Any interesting facts about the mussel? Not really. I am told that they can be very tasty, but I have a policy of not eating whole animals, including all the digestive tract, rectum, anus and all, so I wouldn't know about that. The golden brown threads that you can see around the hinge of the mussel is the byssus, or the "beard". The mussel squirts out these threads as a liquid, which it then coats in an organic varnish. The sticky threads attach the mussel to the rocks, so allowing it to live right on the edge of the rocky shore without being washed away by the crashing waves. These adhesive threads are very strong and are not degraded by salt or fresh water. They are so good at their job that scientists have now identified the genes that code for the proteins used to make the threads and inserted these genes into yeast, so that they can harvest the proteins by culturing the yeast. I don't think the yeast cells mind too much. Byssal threads from another bivlave, the Meditteranean pen shell, has such fine byssal threads that they can be woven into a very fine and much sought fabric known as sea silk. Rumour has it that this golden coloured silk may even be the famous Golden Fleece, as searched for by Jason and his Argonauts.

So, there you have it. The organisms are the orchre starfish, aka the purple starfish, which is obviously another stupid common name, since it is fairly evident from the photo below that many are in fact bright orange, and the mussel. One mark for each, half a mark for starfish. So I guess that means that most of you got half a mark for starfish, well done you, but Englishmum gets a full mark for getting the mussel! Well done - and no, this is not a case of nepotism, she really was the only one to get the mussel. A bonus mark goes to Jabblog for originality.

Sunday, 9 May 2010

Macro Monday Mystery #3

Since I am a little busy at the moment  (box 105, if you are interested), I thought that I would leave it up to you to write my blog this week. Well, really, why should I be the one to do all the work around here? So, here is my macro photo for this week. All you have to do is tell the story of what on earth is happening here. Marks will be given for the names of the organisms involved and for what is actually going on. If you haven't got a clue, marks will be given for original and/or completely made up information.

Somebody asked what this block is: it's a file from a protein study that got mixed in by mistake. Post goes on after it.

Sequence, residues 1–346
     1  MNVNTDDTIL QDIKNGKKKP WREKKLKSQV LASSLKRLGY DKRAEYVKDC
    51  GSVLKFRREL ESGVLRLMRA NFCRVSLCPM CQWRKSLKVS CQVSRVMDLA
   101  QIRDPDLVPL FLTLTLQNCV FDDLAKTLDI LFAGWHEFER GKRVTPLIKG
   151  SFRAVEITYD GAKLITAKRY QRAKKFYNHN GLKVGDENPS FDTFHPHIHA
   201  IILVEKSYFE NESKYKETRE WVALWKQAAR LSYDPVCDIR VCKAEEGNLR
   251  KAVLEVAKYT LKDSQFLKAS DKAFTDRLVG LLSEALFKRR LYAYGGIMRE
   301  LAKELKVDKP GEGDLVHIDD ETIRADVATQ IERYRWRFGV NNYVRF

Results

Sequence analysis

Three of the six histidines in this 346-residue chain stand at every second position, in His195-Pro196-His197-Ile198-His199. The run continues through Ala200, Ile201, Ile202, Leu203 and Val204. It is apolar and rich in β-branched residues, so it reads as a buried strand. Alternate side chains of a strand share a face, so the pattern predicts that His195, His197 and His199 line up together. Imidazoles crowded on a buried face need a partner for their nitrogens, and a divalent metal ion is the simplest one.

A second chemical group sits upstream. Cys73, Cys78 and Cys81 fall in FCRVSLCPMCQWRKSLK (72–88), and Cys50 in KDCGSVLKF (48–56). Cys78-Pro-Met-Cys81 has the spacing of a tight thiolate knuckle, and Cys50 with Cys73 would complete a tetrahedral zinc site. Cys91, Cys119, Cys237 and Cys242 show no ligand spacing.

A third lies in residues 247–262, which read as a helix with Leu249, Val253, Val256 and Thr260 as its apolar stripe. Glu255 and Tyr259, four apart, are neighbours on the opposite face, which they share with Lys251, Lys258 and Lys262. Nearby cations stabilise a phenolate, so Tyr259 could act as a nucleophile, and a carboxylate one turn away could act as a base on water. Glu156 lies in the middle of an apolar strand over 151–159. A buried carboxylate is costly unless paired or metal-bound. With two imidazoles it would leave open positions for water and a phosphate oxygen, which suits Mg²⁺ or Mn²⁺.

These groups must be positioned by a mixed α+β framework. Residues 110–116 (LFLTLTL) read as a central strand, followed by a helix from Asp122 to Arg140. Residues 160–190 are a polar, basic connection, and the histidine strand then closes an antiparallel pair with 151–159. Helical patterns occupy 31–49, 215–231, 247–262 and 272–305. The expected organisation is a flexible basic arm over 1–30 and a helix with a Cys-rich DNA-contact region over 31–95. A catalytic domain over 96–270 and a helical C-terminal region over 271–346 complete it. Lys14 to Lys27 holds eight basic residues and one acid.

If I have time, I will be back on Wednesday, maybe, to explain what is going on, unless some bright spark has already come up with the answer, then I won't have to. So, could someone please, please be a bright spark, since I am moving on Thursday. Thank you!

For more Macro Monday, go here.

Sunday, 2 May 2010

Macro Monday - Feeling a Little Bit Crabby.

Today, I am feeling a little bit crabby. It might have something to do with the fact that I was up at 4:30am to go birding (why, oh why do birds have to get up sooooo early!?!). It might also have something to do with the fact that I am now up to box number 93. Or perhaps it has something to do with the fact that I was up at 1am worrying about what faucets I should be installing in my new kitchen, whether it is really worth spending $25 per square foot for a glass tile backsplash and if I should get slate flooring in the mud room. Since I couldn't get to sleep and to stop me from obsessing about fireplaces and window treatments, I ended up reading my book - "Insomnia" by Stephen King. Thanks Cortes!

So, to go with my mood, here is a little crab - the sally lightfoot crab, Grapsus grapsus.

These crabs dance around the rocks on their tiptoes, easy to see, but difficult to catch. As you walk across the black, desolate rocks, you will find a wave of brilliant orange and flashing red fanning out before you as these crabs skitter and scurry away from you, always one step ahead. No matter how fast you are or how stealthily you stalk these cunnig and conniving crabs, the end result is nearly always the same - a gorgeous photograph of a rock where once a crab crouched. Obviously, I did manage to sneak up on a couple of rather sluggish and lethargic specimens and snap a couple of somewhat decent macro shots.

It is rumoured that these crabs are named after a nineteenth century night club dancer, who captivated, teased and tantalised her audience with a swirling red and yellow dress. Hmmm, I am not entirely sure that I would want a crab named after me. 

PS This is a little bit of a cheaty post, since these colourful crustaceans have appeared in a previous post. Oh well, I did mention that I was feeling a little bit crabby, didn't I?

For more Macro Monday, go here.
For more face of the Week, go here.